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Normally prohibited as a tolda (derivative) of the av malacha (main category of work) shochet (slaughter) drawing blood is forbidden by the Torah. If someone were taking an injectable medication/supplement several times each day and thus it would be unavoidable on shabbos unless he/she suspended using it altogether on that day under what circumstances would it be allowed to be used on shabbos? Would it only be permitted if not using it was life threatening? What if it wasn't life threatening but stopping for a day would make it less effective?

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    JSYK it’s not so simple that drawing blood is forbidden because of Shechitah. Some Rishonim say it’s an issue of threshing or shearing (among many other opinions). Everyone agrees it’s forbidden, but depending on why exactly it’s forbidden you might get a different answer. For instance, if it’s an issue of shearing, it might only be Rabbinic as a מלאכה שאינה צריכה לגופה and therefore leniencies may apply since it’s for medical purposes. – DonielF Nov 15 at 4:38
  • פסיק רישא דלא ניחא ליה – kouty Nov 15 at 5:27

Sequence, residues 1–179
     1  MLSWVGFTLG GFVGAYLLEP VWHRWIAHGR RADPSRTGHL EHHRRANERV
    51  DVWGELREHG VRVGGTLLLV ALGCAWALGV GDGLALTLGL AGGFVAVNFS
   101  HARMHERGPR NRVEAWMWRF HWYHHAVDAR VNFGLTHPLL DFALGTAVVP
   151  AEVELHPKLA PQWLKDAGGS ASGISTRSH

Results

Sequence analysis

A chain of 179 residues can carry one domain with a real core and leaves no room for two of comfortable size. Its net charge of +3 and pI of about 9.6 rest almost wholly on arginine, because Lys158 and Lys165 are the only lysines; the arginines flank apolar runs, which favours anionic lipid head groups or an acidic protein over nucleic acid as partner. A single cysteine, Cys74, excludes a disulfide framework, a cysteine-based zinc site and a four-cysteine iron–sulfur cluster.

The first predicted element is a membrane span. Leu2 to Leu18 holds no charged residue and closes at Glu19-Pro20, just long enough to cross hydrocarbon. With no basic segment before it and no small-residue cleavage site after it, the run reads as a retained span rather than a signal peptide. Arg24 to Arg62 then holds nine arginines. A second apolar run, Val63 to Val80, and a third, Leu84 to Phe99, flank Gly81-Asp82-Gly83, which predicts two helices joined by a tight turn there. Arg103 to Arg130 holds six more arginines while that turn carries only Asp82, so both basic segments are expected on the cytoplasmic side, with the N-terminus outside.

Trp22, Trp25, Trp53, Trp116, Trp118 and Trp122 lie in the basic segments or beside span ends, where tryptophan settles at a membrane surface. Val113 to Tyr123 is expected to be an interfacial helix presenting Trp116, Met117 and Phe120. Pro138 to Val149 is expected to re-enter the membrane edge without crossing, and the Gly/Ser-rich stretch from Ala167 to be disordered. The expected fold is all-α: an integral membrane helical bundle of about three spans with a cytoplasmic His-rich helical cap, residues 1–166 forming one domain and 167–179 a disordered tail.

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According to Rav Ovadia Yosef, one would indeed be permitted to continue a course of antibiotics or any course of medication one had started taking prior to Shabbat.

This article on Rav Ovadia Yosef's ruling quotes Hagaon Harav Shlomo Kluger as stating that since one had begun the course of medication beforehand, there is no concern of having to prepare the medication on Shabbat itself.

There does not appear to be a difference in this matter between pills and injectables; an injection is very different from bloodletting.

  • Where does the article discuss injections? – DonielF Nov 15 at 4:36
  • Halachically, how is getting an injection any different from taking a pill? The article discusses antibiotics and hormone treatments, both of which can come in either pill or injection form, @Doniel – Josh K Nov 15 at 4:54
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    Like the OP says - a pill is at worst an issue of refuah on Shabbos, a d’Rabbanan, whereas injections require puncturing of skin and possibly drawing blood in the process, which may be d’Oraisa. – DonielF Nov 15 at 5:10
  • I understand the line of reasoning, @Doniel, but I just don't see how some blood accidentally seeping out od an injection insert point could be compared to potentially d'Orasia intentional bloodletting. Hopefully someone will come up with an answer that specifically adresses that point. – Josh K Nov 15 at 5:16
  • Certainly it’s a d’Rabbanan of מתעסק, and you haven’t justified that being permitted for this. – DonielF Nov 15 at 5:35

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